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How Praising Your Kids Can Backfire

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I don’t always want to have to think about how to phrase what I say to my kids. I just want to say it and be done with it. Especially with praise. I mean, I’m saying something nice! Shouldn’t that be enough? Well, unfortunately, overpraising children can feel like pressure on the kids—even if you don’t mean for it to.

So, before you say, “I knew you would win that game!” or “You’re always so thoughtful,” pause for a moment. These 5 things will keep your praise from sounding like pressure.

Avoid “judging” praise.

Judging when we praise is easy: Great job! That’s perfect! You’re the best! That kind of praise gets our kids in the habit of looking to us—and others—to determine their value. (If you’re a people pleaser, you might have fed on this type of praise when you were a child.) Describing instead of judging is a little more difficult, but a whole lot more powerful.

Try “describing” praise.

Rather than put a label on a child—even a good label—describe what you see, what the child has done, or the choice he or she has made. You cleaned up your toys without being asked! Your piano practice sounded so energetic! I didn’t even have to ask you to take out the garbage. This allows children to evaluate themselves based on their choices.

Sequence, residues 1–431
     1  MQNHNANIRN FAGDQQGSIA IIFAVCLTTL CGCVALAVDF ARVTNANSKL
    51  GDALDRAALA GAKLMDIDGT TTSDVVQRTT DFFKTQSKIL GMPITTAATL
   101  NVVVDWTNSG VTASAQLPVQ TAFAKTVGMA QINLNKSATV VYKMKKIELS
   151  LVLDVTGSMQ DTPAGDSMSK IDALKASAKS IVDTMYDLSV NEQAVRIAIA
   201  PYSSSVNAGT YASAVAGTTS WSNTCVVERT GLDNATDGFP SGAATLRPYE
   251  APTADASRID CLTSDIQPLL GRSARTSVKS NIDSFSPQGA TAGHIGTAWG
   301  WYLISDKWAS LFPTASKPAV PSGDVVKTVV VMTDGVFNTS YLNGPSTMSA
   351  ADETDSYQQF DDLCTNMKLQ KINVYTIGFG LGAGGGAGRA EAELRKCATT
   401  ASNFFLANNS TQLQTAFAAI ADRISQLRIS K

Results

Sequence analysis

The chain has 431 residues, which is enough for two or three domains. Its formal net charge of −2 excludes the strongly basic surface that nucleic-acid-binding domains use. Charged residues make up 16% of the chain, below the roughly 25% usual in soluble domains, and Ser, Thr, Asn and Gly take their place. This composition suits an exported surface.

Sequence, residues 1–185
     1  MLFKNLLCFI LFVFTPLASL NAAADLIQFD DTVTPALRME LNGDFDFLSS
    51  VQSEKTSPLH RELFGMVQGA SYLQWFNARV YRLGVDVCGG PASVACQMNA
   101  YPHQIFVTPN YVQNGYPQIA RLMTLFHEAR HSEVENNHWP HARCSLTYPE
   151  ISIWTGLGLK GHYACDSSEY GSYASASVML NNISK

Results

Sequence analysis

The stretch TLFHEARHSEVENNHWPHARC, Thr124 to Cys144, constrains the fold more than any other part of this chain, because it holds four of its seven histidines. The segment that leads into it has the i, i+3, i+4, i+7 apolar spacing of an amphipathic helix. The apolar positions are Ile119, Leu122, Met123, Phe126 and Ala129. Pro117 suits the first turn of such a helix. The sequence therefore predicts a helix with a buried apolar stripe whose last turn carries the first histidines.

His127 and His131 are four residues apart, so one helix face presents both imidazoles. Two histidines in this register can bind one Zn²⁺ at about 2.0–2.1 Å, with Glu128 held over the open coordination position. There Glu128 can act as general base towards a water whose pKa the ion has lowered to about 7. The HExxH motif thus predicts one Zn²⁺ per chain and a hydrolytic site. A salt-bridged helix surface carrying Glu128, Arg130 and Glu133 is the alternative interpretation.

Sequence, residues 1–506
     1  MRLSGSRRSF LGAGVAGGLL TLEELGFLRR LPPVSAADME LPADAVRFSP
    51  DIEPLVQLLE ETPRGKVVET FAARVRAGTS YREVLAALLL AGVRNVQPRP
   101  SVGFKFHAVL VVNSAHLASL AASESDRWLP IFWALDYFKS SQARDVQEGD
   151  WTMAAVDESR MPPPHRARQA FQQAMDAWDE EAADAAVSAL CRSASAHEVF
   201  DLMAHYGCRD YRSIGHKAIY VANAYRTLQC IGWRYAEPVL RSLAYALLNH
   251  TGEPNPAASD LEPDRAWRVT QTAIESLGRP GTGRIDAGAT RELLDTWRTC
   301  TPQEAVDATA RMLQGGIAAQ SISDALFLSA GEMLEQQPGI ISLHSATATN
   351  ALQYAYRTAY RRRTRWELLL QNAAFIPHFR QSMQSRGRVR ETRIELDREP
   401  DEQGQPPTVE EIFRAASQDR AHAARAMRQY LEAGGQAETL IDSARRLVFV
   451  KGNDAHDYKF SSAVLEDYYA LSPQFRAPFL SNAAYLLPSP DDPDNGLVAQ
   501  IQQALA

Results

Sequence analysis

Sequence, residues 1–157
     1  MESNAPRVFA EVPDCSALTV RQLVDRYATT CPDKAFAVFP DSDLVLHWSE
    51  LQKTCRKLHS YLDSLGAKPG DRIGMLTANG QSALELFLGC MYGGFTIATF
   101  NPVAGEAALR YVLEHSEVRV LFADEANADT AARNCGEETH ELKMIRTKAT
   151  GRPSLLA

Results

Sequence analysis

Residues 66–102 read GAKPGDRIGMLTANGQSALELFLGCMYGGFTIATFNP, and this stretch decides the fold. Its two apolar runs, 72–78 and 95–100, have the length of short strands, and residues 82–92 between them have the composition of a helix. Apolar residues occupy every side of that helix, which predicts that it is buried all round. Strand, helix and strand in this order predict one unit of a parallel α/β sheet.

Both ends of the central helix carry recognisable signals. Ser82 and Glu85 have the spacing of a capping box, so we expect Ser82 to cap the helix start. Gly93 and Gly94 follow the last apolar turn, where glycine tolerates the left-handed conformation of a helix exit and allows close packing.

Stay away from “always.”

Here’s one way overpraising children can backfire. When our kids get hooked on praise, they always feel pressure to meet the mark.  “You’re always the best goalie in big games” can lead to your child think he has to stop every goal so he can remain the best. If we say “you are always so kind,” she might feel like a bad kid when she shows any selfishness.

Watch for fear of failure.

When children define themselves by the praise they receive, they can develop a fear of failure, because if they fall short, they won’t be that “special” kid anymore. So they’d rather not try than risk failing. This moves the child away from a growth mindset and toward doing things that will earn him or her a guaranteed gold star.

Use “praise questions.”

Our children do want our praise. They want to impress us, and that’s OK—as long as they also get the chance to evaluate their own accomplishments. A good way to help them do this is to ask “praise questions.” How did you figure out that puzzle? How did you choose the colors for your painting? Where did you find the courage to talk to your teacher about your test? This enables our children to relive their accomplishments and bask in the glow of their hard work and good choices.

What’s your go-to for praising your kids? How do you like to be praised?


Which of these would you like to hear the most? You’re great! You’re cuddly! You’re funny!

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